Holes of Truth (Installation)
Holes of Truth

My art emerges from a Gothic sensibility, a place where beauty and horror exist in close proximity, where innocence encounters depravity, where the spirit is consumed and revived from moment to moment.

I have obsessively focused my artistic energy for the past twenty-five years on the human condition, exploring such subjects as the transcendence of death through regeneration, the abuse of power and the plight of the powerless, the struggle between physical necessity and spiritual values, and the fluidity of history—coagulating, dispersing, and reconstituting. I consider myself a visual historian, recording and interpreting the spirit of my times. Through the exploration of specific issues, I search for patterns, for the aberrant, for the profane, for the divine, for that elusive propellant that hurls us from one moment to the next.

My art has consistently included the presence of the figure—not surprising, considering my focus on the human condition. The form, however, has swung between representation and abstraction, and between painting and sculpture. Many works combine both these approaches, and for the past ten years my art has also included collage, drawing, photography, sound, and text. Recent examples include the audio/visual installation Blood Music (2002); my grade school diary rewritten visually as Memoirs of a Beast (2002-2003); text and tar gel portrait paintings on the subject of war, The Mouseketeers in Iraq (2004); my ongoing sculptural diary, 365 Dumb Days (1996-2008); and a series of portraits that combine photography and paint including Portraits in Plasma (2003-2007) shown in 2007 at The Aldrich Contemporary Art Museum and published in 2008 in Post Road magazine.

The title of my most recent installation, Holes of Truth (2008-2009), is derived from the Italian, buchi della verità, a custom of public postings, denunciations by one citizen about the activities of another. My “postings,” however, are less confrontational than revelatory. Using cast off objects, old diaries, books, photographs, and real and constructed memories, I selectively reveal aspects of my personal history as I expose the underlying passion-filled dreams, persistent anxieties, and dark desires of humanity. This installation of paintings, sculpture and audio takes the form of a multimedia memoir that juxtaposes my personal history with the political, cultural and social history of our time. It includes Fault Lines (2008) and selections from four previously mentioned bodies of work— Memoirs of a Beast; Blood Music; The Mouseketeers in Iraq; and 365 Dumb Days.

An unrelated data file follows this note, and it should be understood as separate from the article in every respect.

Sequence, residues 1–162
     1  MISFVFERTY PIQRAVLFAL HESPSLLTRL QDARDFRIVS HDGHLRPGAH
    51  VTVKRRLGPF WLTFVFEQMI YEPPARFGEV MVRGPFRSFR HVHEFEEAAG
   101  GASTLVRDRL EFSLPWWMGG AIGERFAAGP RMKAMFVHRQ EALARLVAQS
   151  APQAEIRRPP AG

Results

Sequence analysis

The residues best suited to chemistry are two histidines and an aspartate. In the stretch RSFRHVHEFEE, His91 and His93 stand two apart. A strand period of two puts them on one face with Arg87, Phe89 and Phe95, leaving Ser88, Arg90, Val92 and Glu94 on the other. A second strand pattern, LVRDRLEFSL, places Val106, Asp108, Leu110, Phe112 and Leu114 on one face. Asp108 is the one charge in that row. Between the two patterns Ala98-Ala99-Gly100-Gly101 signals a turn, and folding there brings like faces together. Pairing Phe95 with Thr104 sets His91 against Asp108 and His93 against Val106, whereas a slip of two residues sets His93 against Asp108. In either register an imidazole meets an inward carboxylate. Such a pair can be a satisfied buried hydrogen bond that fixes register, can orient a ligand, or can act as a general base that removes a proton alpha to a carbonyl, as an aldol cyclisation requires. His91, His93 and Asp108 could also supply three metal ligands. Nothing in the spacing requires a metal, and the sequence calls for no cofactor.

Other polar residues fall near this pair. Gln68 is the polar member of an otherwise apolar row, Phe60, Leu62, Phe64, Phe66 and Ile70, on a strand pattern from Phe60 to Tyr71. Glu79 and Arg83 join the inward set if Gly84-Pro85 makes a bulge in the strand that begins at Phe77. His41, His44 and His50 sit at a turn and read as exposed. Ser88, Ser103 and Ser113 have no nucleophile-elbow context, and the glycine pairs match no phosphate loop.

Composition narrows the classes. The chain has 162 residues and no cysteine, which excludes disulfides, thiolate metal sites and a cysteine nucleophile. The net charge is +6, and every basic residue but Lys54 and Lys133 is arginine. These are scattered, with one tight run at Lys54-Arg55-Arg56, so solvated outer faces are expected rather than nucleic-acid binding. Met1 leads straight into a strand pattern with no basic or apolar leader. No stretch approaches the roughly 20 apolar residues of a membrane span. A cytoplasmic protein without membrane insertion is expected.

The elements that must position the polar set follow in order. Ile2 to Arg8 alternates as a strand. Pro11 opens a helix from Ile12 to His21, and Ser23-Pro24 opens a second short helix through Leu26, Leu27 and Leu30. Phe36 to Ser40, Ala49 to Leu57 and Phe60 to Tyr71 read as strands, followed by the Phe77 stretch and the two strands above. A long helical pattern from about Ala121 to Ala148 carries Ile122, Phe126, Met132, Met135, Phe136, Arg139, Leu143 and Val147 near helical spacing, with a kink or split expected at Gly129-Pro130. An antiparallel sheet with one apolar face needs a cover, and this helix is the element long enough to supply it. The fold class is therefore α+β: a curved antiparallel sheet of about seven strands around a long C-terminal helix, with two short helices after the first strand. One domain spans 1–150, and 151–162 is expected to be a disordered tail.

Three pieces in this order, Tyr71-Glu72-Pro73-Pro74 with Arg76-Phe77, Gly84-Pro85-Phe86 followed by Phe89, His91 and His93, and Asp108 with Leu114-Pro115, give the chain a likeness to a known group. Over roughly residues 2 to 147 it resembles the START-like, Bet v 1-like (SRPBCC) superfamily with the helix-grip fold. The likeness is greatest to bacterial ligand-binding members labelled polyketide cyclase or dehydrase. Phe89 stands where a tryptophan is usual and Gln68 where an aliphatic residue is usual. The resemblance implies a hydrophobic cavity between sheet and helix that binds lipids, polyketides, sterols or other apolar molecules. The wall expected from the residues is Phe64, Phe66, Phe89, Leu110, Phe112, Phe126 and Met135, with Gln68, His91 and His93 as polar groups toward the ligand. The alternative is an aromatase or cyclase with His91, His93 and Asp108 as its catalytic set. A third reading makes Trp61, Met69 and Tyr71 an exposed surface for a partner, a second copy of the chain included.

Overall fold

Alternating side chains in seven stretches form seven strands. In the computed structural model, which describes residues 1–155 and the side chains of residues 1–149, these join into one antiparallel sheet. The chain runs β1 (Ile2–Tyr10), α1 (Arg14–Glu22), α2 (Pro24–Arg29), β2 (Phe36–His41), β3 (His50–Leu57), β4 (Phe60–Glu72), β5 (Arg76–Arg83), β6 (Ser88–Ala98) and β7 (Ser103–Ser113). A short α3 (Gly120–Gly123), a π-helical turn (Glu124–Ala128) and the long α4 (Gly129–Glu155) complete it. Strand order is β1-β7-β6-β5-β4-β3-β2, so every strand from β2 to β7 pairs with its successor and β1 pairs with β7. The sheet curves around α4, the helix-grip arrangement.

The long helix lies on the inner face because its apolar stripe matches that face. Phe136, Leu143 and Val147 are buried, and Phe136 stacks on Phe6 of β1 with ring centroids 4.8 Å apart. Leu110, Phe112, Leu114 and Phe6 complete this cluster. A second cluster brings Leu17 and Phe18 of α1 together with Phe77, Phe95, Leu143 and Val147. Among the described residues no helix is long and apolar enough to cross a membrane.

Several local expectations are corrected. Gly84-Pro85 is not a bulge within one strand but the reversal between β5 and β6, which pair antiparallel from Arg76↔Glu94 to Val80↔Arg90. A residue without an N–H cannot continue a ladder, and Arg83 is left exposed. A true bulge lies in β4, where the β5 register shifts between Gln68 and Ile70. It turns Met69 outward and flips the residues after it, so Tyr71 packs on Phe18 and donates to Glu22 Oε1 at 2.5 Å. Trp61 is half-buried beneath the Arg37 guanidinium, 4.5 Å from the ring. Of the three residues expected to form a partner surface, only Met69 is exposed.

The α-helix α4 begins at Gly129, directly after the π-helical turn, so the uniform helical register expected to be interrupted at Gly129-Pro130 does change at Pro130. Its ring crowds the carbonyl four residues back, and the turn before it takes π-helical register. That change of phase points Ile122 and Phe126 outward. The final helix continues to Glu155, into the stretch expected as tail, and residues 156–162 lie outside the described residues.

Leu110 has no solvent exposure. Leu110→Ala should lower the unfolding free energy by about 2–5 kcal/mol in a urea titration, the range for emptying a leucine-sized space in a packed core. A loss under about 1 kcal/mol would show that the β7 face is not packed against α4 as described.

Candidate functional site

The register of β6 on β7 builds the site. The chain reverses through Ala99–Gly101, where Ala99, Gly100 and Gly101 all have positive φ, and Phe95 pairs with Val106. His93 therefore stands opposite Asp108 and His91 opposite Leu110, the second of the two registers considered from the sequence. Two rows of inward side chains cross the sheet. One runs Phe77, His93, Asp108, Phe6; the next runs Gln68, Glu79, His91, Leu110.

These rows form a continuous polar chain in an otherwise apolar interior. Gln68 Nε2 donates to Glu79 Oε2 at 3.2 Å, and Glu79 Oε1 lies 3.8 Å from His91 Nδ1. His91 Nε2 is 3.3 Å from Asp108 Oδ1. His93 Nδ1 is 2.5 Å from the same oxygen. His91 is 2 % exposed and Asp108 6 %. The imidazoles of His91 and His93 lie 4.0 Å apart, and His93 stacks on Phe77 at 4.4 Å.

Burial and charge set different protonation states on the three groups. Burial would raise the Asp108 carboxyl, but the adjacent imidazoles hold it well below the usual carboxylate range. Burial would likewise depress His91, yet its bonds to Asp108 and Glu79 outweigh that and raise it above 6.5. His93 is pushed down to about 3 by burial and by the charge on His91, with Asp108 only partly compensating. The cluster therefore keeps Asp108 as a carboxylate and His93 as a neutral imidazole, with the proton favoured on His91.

The basis of Memoirs of a Beast is my grade school diary. Beginning in 2002, I “rewrote” it using tar gel, mixed media and collage. The 180 pages that comprise Memoirs of a Beast are installed in chapter-like groupings, connected visually through a balance between blank pages, pages with partial text and those that obliterate the text entirely. Important to the composition of the pages are original collage elements such as tickets stubs, newspaper clippings and photographs. Combined with contemporary photographs, family photographs, gesso, tar gel, graphite and acrylic paint, the diary represents a life—my beastly life, your beastly life, a mess of details, scraps of disappointment and fragments of hope. 365 Dumb Days is another kind of diary—a sculptural diary—assembled from a life’s accumulation of miscellany. Treasures (silver baby spoon, psychic’s doll, volcanic rock) and trash (shattered auto glass, discarded Barbie, broken necklace) fearlessly intermingle in a testament to the comedy and tragedy of life—days of bumbling and recovering, submitting and transcending, hoping for the best and sometimes getting it.

My audio visual installations evoke the oral tradition of memory keeping—important events retold and embellished in conversation and song, in living rooms and around campfires. Bonnie Ann Brown, the audio component of Blood Music, is based on a notorious unsolved crime committed in my hometown, one that affected me profoundly as a young child and that I retell as a meditation on death and regeneration. The Mouseketeer paintings bridge the gap between the oral tradition and the written narrative. They began as a series of “studio portraits” of the original Mouseketeers painted in layers of pink tar gel. The “backdrop paper” that sets off each portrait is like a blown-up page from a fictional memoir or a transcript from a television interview, the text written over and over so it is nearly unreadable. In 2004, this series evolved into paintings on the subject of war, The Mouseketeers in Iraq. The “backdrop paper” is a soldier’s report from the battlefront. As harsh as the Mouseketeers in Iraq might appear, the subject matter of these paintings, the resilience of the human spirit, transcends the physical destruction of the individuals portrayed.

The paper installation, Fault Lines, was inspired by a 19th century copy of Plutarch’s Lives given to me by a family member. After reading it, I began visualizing those individuals who impacted my life as chapters in a book; as paintings, row upon row, in a history museum; and ultimately, as planets in the sky, connected randomly as constellations are. Once in progress, I realized that Fault LInes was less about hard truths than fluidity—history slipping and sliding off the page, images melting, and solidifying—the incessant, glorious flow of the universe pausing for a reflective moment, then moving on.

Judith Page
November 2008